That was the song "7 Seconds" performed by the Senegalese singer Youssou N'Dour and the Swedish-born singer Neneh Cherry. Youssou N'Dour was born and raised in Dakar. He started singing as a young man and soon became one of the most popular singers in Senegal. Later, he performed around Europe and recorded songs with the famous singers Paul Simon and Peter Gabriel. The song "7 Seconds" sold over two million copies around the world, making it one of Youssou N'Dour's most financially successful single recordings.
Putumayo World Music also has an interesting success story. Dan Storper started the company in nineteen seventy-five. He owned several Putumayo stores that sold handmade clothing and objects from South America and other parts of the world.
By the early nineteen nineties, Mr. Storper had seven stores. One day he heard African singers performing outside in a park in San Francisco, California. He bought their album and started playing it in his stores. His workers and customers loved the music. Dan Storper soon started Putumayo World Records to support international musicians and introduce people to new musical traditions.
The company has released one hundred fifty recordings. Some albums include the songs of one artist. Other albums combine different artists from one area of the world.
The company's goal is to make music that is "guaranteed to make you feel good." Dan Storper sold his stores in nineteen ninety-seven and now works on his music business full-time. He says that great music helps connect people to other cultures in a good way. He says this helps people see past the bad images of war, poverty and disease that are so often in the news.
That was the song "(You Gotta Walk) Don't Look Back" performed by Peter Tosh and Mick Jagger of the Rolling Stones. Peter Tosh was one of the most popular reggae musicians in Jamaica. He and a group of reggae musicians including Bob Marley created the band called the Wailers in the nineteen sixties. When Peter Tosh left the Wailers, he continued recording on his own. His performance at the One Love Peace Concert in nineteen seventy-eight caught the attention of Mick Jagger. Peter Tosh soon started recording and performing with the Rolling Stones.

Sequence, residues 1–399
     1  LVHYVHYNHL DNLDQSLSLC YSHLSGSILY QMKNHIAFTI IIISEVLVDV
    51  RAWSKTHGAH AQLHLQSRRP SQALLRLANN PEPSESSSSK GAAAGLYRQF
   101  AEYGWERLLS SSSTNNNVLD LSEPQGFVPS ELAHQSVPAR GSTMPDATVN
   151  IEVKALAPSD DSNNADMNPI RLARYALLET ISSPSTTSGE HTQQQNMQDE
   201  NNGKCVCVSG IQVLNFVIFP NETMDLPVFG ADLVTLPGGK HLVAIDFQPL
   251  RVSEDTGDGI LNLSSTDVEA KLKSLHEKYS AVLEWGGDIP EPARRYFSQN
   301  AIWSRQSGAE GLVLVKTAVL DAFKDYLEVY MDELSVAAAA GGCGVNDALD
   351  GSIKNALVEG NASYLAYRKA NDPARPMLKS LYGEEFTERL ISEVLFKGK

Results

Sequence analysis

Since its beginning, Putumayo has taken on other projects. In two thousand, the company started a one-hour-long weekly radio show called Putumayo World Music Hour. The show plays music from different cultures by unknown as well as famous artists. Over one hundred fifty radio stations around the world broadcast the music show. The company even makes a series of world music records for children on its Putumayo Kids label.
Putumayo also gives money to non-profit organizations around the world. For example, part of the profit from the "World Hits" record will be given to World Learning. This international organization supports intercultural learning and economic development through its training and education programs.
We leave you with the song "Lambada." It was first recorded by a Bolivian band. This version was made in nineteen eighty-nine by the French band Kaoma. The song is performed by the Brazilian singer Loalwa Braz. "Lambada" became a huge hit, first in France and then around the world. Its lively beat makes you want to get up and start dancing.
I'm Doug Johnson. I hope you enjoyed our program today.
It was written by Dana Demange and Nancy Steinbach. Caty Weaver was our producer.
Join us again next week for AMERICAN MOSAIC, VOA's radio magazine in Special English.